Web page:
Madness: History, Concepts and Controversies provides a comprehensive and critical analysis of current perspectives on mental illness and how they have been shaped by historical trends and dominant sociocultural paradigms.
From its representation among world religions and wider folkloric myth, to early attempts to rationalize and treat symptoms of mental disorder, this book outlines the principle contemporary models of understanding mental health and situates them within a wider historical and social context. The authors consider a variety of current controversies within the mental health arena and provide numerous pedagogical features to allow students the opportunity to understand and engage in current issues and debates relating to psychological disorders.
By discussing key issues such as the social construction of mental illness, this text provides an essential overview of how societies and science has understood mental illness, and will appeal to students, researchers and general readers alike.
Table of Contents
Part I: The history
1. Prehistoric perspectives: Excising Demons
2. Religious perspectives: Madness in sacred texts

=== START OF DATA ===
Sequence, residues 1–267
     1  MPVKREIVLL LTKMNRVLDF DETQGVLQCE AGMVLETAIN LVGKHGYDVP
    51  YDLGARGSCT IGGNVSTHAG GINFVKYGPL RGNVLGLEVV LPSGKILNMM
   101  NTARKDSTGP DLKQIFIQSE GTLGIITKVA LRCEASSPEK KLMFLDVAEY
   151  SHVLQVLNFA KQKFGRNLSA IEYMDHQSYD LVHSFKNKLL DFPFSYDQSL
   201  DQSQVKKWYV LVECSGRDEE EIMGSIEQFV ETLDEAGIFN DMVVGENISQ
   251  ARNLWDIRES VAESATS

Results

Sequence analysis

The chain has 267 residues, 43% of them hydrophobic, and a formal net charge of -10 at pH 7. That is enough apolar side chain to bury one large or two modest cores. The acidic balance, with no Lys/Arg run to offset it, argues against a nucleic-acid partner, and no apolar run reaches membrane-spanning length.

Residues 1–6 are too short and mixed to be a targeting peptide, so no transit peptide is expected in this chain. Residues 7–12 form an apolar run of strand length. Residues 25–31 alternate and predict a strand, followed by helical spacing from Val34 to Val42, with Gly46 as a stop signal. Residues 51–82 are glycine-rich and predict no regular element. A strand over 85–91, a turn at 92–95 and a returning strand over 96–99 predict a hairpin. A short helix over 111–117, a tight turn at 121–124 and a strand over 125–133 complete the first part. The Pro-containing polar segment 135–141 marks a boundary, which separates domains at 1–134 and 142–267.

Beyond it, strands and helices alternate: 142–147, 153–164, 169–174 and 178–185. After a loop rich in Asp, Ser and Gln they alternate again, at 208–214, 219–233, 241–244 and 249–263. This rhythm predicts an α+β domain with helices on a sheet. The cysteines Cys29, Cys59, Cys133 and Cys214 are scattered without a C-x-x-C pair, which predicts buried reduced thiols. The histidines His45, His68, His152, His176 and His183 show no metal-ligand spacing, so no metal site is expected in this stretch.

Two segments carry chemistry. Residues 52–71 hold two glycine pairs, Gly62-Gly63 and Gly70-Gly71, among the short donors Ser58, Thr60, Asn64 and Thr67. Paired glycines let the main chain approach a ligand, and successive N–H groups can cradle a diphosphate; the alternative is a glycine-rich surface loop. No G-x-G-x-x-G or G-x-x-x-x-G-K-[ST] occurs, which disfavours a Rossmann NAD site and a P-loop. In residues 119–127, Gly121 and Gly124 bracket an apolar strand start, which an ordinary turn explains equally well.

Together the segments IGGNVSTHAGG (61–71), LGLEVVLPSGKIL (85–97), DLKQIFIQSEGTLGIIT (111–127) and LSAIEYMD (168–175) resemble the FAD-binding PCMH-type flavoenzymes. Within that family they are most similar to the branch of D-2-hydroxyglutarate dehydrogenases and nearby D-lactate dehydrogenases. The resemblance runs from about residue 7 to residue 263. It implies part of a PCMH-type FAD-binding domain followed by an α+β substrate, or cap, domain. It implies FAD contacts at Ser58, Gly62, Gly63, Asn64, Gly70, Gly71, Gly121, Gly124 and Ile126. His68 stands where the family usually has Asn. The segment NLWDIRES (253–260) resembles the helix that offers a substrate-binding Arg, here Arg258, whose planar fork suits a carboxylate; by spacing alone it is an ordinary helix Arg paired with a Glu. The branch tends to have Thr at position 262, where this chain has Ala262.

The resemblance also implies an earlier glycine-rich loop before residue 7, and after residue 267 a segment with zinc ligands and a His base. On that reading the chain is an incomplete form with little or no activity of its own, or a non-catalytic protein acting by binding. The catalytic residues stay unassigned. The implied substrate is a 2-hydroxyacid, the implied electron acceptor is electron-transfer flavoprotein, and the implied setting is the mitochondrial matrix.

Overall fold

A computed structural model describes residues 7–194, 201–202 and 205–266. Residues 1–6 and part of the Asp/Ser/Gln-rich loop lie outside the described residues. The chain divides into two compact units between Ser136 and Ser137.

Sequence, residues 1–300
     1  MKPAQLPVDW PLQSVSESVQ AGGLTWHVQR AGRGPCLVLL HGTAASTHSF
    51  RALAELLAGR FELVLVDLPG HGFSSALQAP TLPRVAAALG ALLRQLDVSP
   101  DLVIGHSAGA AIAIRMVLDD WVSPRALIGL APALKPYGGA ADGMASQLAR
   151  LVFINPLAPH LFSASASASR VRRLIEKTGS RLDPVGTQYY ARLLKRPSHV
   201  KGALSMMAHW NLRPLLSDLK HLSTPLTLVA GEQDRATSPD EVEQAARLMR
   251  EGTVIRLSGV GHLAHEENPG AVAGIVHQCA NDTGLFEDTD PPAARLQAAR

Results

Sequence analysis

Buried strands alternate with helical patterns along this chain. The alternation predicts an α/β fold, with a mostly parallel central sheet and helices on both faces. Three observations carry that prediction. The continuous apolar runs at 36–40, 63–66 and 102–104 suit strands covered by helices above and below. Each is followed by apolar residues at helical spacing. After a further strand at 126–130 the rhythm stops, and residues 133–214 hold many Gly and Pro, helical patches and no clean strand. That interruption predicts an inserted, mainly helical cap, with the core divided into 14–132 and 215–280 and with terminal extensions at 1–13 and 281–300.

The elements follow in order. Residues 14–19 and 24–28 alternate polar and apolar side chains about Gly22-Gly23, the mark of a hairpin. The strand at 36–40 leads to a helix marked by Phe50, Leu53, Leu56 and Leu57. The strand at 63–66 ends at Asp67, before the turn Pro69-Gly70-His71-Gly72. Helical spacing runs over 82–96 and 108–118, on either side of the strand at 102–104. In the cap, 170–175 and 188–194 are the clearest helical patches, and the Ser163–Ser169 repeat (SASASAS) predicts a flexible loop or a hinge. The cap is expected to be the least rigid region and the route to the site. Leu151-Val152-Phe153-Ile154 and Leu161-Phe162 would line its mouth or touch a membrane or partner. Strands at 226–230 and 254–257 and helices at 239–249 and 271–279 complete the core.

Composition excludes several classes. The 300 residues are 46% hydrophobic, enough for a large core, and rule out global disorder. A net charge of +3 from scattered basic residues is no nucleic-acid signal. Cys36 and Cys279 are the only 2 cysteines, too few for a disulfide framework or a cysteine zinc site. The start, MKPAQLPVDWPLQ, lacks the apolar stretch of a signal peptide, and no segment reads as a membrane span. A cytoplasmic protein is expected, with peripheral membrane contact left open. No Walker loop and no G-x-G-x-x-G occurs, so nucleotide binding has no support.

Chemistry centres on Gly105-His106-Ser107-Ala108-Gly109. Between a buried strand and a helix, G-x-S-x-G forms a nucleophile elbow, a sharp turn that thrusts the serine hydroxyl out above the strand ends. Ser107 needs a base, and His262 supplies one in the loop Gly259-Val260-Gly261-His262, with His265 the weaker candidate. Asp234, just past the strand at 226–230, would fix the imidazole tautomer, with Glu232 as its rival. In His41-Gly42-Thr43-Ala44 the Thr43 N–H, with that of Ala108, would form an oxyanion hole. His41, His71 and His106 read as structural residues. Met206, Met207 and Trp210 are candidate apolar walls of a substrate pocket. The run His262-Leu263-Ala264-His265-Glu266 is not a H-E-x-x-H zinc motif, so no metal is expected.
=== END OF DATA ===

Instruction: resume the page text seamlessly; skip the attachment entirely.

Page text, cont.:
3. Ancient Greek perspectives: Madness in the blood
4. Medieval perspectives: Madness and witchcraft
5. The age of asylums: The mass containment of the mad
6. The medicalisation of madness: The rise of psychiatry
7. The classification of madness: A history of the Diagnostic and Statistical Manual of Mental Disorders
Part II: The concepts
8. Biological perspectives and treatments
9. Psychoanalytical perspectives and treatments
10. Behavioural perspectives and treatments
11. Cognitive perspectives and treatments
Part III: The controversies
12. Defining madness
13. A critique analysis of the Diagnostic and Statistical Manual of Mental Disorders
14. Race and mental health services
15. Class in counselling and psychotherapy
16. The pharmaceutical industry
Dr. Philip John Tyson is a Senior Lecturer in Psychology at the University of South Wales. He has an extensive background in mental health research where his main interests lie in psychosis, phobias and links between physical activity and psychological health.
Dr. Shakiela Khanam Davies is a Clinical Psychology Lecturer at the University of South Wales. Her research interests include Clinical Psychology, Cognitive Neuroscience, Research Methods, Mental Health and Online Grooming.
Dr. Alison Torn is Senior Teaching Fellow at Leeds Trinity University, teaching Social Psychology and Critical Mental Health.
'This book is an exceptional pedagogical tool for teaching about madness both historically and critically. It provides a unique in-depth overview of the history and key issues of understanding mental health. This book is both contextual and critical – a much-needed teaching resource.' – Katherine Hubbard, University of Surrey, UK